Marches Mosses BogLIFE project shortlisted for International Prestigious Engineering Award

The Marches Mosses BogLIFE project in Shropshire and Wales, which is helping to restore one of the rarest habitats on earth, has been shortlisted for the 2022 Institution of Civil Engineers (ICE) People’s Choice Award.

This international competition showcases the best of civil engineering, recognising projects that have a positive impact on the local economy and communities whilst at the same time, highlighting the positive benefits civil engineering has on people’s everyday lives and society as a whole.

This year, six projects have been shortlisted from both UK and international entries with the general public able to vote online for their favourite via the ICE website.

With over 96% of peat bogs destroyed after hundreds of years of exploitation, the Marches Mosses BogLIFE project was designed to restore Britain’s third-largest lowland raised peatbog within the Fenn’s, Whixall and Bettisfield Mosses National Nature Reserves.  This habitat stores more than 10 times the carbon of the equivalent area of rainforest; a recent University study confirms  the Marches Mosses holds over 1 million tonnes.

Director of local Bridgnorth contractor WM Longreach said: “We are proud to have been involved in this forward-thinking project making a massive contribution to carbon reduction and the future wellbeing of our local region both environmentally and economically.”

Shropshire Wildlife Trust, Natural England and Natural Resources Wales have been working to restore 665 hectares of the Marches Mosses during the 5 year project.  A UK-first for bog edge habitat restoration on this scale, the peatland landscape at multiple locations required reverse engineering, whilst sensitively designing and considering the ecology, wildlife, and local communities.

Robert Duff for the BogLIFE project said:

‘Healthy peat bogs are vitally important for both nature recovery and tackling climate change. Its important that where we carry out restoration schemes they are carefully designed and sensitively undertaken in consultation with the local community.’ Successfully managing a project like this has required a dedicated project team of local ecologists, designers, engineers and their apprentices, local contractors and BogLIFE project trainees to work together closely despite the challenges of the pandemic, ensuring community engagement throughout.  Local involvement in the project has been key with volunteers devoting some 875 hours of their time to supporting its delivery.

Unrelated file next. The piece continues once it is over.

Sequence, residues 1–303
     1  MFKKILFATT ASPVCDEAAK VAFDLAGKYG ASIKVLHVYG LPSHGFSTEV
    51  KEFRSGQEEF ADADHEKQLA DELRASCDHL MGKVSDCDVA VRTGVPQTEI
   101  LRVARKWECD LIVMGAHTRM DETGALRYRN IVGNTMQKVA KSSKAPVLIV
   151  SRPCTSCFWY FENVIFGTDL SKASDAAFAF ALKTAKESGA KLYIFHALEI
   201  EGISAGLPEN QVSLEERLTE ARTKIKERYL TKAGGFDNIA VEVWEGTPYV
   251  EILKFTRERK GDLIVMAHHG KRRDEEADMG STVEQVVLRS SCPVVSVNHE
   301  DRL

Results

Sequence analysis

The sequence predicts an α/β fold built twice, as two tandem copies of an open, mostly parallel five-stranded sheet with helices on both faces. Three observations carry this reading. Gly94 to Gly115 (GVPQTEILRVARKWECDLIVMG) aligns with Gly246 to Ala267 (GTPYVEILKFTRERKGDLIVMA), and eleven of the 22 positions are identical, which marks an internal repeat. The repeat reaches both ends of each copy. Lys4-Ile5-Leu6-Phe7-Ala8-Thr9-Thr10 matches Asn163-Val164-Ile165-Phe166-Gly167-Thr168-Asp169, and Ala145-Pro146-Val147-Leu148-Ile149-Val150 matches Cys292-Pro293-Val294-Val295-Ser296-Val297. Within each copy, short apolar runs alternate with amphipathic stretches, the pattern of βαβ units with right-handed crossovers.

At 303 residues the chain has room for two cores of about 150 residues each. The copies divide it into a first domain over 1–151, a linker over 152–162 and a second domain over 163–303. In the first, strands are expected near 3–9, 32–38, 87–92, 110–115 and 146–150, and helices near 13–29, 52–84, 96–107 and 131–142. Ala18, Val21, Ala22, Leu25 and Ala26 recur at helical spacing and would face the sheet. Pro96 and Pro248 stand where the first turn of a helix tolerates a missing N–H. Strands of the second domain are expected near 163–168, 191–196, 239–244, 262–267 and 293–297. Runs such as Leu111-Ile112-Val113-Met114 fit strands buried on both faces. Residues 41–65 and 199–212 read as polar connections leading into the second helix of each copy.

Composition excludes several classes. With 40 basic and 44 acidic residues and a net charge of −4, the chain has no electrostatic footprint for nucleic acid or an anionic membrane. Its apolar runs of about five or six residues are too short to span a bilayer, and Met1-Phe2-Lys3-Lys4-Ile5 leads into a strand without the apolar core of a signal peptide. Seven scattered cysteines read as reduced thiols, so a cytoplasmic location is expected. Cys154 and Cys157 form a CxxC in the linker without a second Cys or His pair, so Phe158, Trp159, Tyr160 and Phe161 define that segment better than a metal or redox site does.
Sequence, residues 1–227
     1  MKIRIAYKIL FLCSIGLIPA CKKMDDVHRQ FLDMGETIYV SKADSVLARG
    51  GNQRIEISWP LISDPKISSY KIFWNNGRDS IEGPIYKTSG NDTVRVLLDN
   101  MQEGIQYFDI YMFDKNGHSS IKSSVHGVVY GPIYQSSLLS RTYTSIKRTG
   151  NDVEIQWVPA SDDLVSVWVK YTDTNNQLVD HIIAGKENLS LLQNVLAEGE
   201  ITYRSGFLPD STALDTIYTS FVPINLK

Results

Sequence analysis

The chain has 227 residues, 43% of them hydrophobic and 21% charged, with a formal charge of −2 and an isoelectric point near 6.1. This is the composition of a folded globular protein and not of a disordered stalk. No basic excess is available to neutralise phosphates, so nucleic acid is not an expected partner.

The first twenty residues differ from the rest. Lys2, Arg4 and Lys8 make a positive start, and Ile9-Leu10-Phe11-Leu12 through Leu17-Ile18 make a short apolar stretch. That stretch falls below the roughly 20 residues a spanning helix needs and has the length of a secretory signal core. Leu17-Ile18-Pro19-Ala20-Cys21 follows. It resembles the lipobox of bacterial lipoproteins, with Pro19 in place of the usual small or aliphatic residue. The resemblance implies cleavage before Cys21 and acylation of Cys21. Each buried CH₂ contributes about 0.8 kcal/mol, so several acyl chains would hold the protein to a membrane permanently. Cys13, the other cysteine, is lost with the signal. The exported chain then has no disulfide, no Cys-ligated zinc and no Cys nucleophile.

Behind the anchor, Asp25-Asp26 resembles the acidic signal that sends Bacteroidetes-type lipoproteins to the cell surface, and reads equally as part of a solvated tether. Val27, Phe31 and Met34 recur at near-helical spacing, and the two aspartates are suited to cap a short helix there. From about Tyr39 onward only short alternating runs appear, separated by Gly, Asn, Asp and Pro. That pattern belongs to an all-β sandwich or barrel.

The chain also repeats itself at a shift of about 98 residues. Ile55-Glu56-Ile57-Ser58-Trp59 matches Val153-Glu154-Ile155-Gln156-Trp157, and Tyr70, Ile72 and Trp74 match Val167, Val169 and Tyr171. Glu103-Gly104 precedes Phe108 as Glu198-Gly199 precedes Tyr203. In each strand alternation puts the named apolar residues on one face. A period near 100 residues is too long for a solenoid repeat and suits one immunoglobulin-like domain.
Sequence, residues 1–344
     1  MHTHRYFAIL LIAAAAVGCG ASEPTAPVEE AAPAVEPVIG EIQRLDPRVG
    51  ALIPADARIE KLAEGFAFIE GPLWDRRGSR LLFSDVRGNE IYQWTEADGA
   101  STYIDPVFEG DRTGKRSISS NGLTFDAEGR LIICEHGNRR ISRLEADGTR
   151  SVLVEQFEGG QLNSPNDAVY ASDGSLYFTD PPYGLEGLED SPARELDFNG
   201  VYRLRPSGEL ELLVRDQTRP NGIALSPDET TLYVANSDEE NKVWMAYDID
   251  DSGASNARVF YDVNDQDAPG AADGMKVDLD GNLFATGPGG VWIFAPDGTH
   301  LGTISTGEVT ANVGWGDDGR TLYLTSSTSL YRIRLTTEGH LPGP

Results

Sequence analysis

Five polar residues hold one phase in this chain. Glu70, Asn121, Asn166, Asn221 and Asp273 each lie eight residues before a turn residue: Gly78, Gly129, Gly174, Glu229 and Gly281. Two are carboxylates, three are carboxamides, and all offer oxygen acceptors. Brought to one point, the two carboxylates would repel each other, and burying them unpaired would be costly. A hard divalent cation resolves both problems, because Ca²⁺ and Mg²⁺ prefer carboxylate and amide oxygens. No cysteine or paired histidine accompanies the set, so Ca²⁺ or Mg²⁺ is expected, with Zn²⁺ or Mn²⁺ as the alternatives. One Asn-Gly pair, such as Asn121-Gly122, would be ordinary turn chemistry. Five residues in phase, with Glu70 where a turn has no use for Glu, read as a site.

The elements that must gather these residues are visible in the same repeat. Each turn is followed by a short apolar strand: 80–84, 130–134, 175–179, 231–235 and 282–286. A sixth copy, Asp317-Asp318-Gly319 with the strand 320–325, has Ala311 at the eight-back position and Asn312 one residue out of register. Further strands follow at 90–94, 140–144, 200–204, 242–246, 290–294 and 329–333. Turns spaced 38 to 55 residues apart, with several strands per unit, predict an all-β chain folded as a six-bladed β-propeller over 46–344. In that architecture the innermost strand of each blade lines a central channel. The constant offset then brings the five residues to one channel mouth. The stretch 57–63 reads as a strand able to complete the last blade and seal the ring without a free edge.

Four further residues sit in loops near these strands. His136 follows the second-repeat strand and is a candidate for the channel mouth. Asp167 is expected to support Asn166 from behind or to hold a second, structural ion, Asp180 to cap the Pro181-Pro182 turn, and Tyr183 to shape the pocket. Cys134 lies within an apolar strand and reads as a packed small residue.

The community have been at the heart of this project not only in its execution but also in conception and design, with time spent liaising with disability advocates to ensure new audiences gain access to nature, another central goal of the project.

Richard Grindle, CEO of Shropshire Wildlife Trust said: “Peatlands matters - for biodiversity, for health and wellbeing, and for carbon; and lowland peat is a vital part of this. The highly successful BogLIFE project has helped bring Britain’s third-largest lowland raised bog back to life, bringing back vital plant and animal species, protecting this vital carbon sink, and helping people of all abilities connect with nature.”

The Marches Mosses BogLIFE project has been a wonderful source of inspiration and education to the local and wider public: with technical and village hall presentations for over 1,000 people; guided walks and provision of resources for 6 self-led walks online during the height of the pandemic engaging 3200 people; events for horse riders, dog walkers and those with access limitations;  as well as art, craft, photography activities to draw in 1,600 people from new audiences.

The competition is fierce with other shortlisted schemes including:

Lekki Deep Sea Port Project, Nigeria (ICE Africa)
Lincoln Flood Defences, Lincoln (ICE East Midlands)
Wolsingham Sewage Treatment Works (STW) Growth, County Durham (ICE North East)
Seacombe Ferry Terminal Refurbishment, Wallasey, Wirral Peninsula (ICE North West)
Stockingfield Bridge, Glasgow (ICE Scotland)

 

ICE East and West Midlands Regional Director, Jo Barnett, said: “What a great achievement for the Marches Mosses BogLIFE project to be shortlisted in the ICE People’s Choice Award. The standard of this competition was very high, and I am delighted that our region is being represented by this fantastic scheme and the great project team behind it. I do hope the local community gets behind this fantastic project and votes for it.”

The public vote opens at 10:00 hours (UK time) on Tuesday, 6 September for six weeks, closing at 17:00 hours on Tuesday, 18 October. The winner will be announced soon after voting closes.

Members of the public can view the projects and cast their votes here: https://www.ice.org.uk/what-is-civil-engineering/peoples-choice-award/.

The 2021 winner was the National Botanic Garden of Wales Regency Restoration project.

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